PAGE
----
Underpinning this vehicular combat, enduring 240km/h-plus speeds, five metre high jumps, two wheeling, rolls, power slides and perpetual paint trading, is the Toyo Tires Open Country A/T II: “Stadium Super Trucks is harsh on rubber and the Open Country A/T II tyres take everything we can throw at them. There isn’t much I haven’t put these tyres through,” says series creator and ‘scared’ legend Robby Gordon, adding that: “The OPAT IIs are the same available at tyre retailers around the country, in sizes fans can purchase for their 4×4 or SUV. An unmodified, off-the-shelf, tyre so tough its limits have not been found on dirt or bitumen, by the SST’s.” So there!
AND STILL ON RACING THAT INVOLVES REAL, LIVE DRIVERS, a very, very, very lucky motorist from the UK has realised a life-long dream to experience the ultimate in automotive performance, a drive in a real Formula One car, with personal tuition from Infiniti Red Bull Racing driver Daniil Kvyat. Having taken a test drive of an Infiniti road car, Carl Lawrence was selected from hundreds of other hopefuls in the ‘Infiniti Ultimate Test Drive’ campaign. His prize saw him first visit the Infiniti Red Bull Racing factory in the UK to drive the F1 team’s simulator and undergo an intense tuition program, before heading to the Dubai Autodrome.
With guidance from Russian F1 star Kvyat, he learned the circuit in an Infiniti Q50 before progressing to a junior single seater car and was then let loose in a race-specification, Infiniti-branded, Formula One car, turning this once-in-a-lifetime dream into reality. Last weekend he headed to Abu Dhabi for a VIP experience at the GP, courtesy of Infiniti. The Infiniti Ultimate Test Drive campaign ran in the UK from July to August 2015 offering anyone who test drove an Infiniti at his or her local dealership the chance to be entered into a draw. Twenty-five finalists from the UK were selected to compete against each other in a driving assessment day where Lawrence was deemed the best driver by Infiniti’s panel of experts, and joined two other winners from Russia and the Middle East for the main prize.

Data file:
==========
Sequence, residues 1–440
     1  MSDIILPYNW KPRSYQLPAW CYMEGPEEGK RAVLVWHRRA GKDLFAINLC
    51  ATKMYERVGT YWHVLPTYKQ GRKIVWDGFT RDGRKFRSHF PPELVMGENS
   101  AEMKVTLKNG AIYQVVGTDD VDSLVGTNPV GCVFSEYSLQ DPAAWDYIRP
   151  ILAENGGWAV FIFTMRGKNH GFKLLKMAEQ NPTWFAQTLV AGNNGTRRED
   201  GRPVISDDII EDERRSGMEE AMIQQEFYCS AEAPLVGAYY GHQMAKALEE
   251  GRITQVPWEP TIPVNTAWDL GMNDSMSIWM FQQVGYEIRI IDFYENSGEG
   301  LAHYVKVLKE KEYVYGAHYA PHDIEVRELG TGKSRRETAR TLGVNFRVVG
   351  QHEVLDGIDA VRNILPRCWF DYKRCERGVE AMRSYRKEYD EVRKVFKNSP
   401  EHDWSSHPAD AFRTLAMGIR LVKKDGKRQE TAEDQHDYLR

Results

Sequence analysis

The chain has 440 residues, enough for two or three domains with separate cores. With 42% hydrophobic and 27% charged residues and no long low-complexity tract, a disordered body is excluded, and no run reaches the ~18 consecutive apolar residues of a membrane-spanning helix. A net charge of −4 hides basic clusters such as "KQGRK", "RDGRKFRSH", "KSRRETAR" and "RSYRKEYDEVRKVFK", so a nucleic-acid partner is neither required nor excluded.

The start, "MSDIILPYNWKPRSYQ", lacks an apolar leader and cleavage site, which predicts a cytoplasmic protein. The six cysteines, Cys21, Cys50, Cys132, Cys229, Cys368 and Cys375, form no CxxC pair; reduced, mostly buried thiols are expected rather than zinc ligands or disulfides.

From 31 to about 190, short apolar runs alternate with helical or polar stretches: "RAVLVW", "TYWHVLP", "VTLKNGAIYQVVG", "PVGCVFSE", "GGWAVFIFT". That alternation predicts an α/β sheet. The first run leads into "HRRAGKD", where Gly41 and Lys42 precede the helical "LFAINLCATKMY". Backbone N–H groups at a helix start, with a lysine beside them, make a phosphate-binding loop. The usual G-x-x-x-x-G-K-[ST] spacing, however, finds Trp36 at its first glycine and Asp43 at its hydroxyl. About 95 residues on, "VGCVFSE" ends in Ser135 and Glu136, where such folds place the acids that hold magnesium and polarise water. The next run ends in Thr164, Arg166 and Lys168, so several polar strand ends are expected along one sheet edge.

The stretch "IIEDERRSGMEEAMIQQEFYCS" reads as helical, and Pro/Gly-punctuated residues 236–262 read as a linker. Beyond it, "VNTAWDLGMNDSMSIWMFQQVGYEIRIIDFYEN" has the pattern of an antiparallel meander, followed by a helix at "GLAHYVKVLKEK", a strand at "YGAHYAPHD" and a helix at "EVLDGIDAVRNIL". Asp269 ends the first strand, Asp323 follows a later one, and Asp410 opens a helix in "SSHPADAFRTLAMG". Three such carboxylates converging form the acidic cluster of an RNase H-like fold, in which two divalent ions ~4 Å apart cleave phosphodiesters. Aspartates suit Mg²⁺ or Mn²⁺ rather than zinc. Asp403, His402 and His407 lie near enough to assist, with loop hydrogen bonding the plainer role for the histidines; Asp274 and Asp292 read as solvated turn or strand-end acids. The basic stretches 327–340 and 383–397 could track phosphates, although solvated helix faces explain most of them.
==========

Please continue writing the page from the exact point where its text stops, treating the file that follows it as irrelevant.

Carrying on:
FATHER CHRISTMAS HAS COME EARLY for some fans of ‘The Pony’ with the arrival in Melbourne of 500 right-hand drive Ford Mustangs from Detroit. More than 4000 Australians have placed deposits for the latest version of the iconic American muscle car, triple the demand for the home grown Ford Falcon V8, despite the US model costing from $45-65,000. With the Falcon reaching the end of the Broadmeadows production line after 56 years in October 2016, Ford fans have embraced the new Mustang in record numbers with Australians placing twice as many orders as buyers in the UK. Ford executives in Detroit will be breathing a sigh of relief, as this is the first time in the nameplate’s 50-year history that a Mustang has been made in right-hand-drive on a US production line. The vehicles sold in the 1960s and early 2000s were converted to right-hand-drive locally.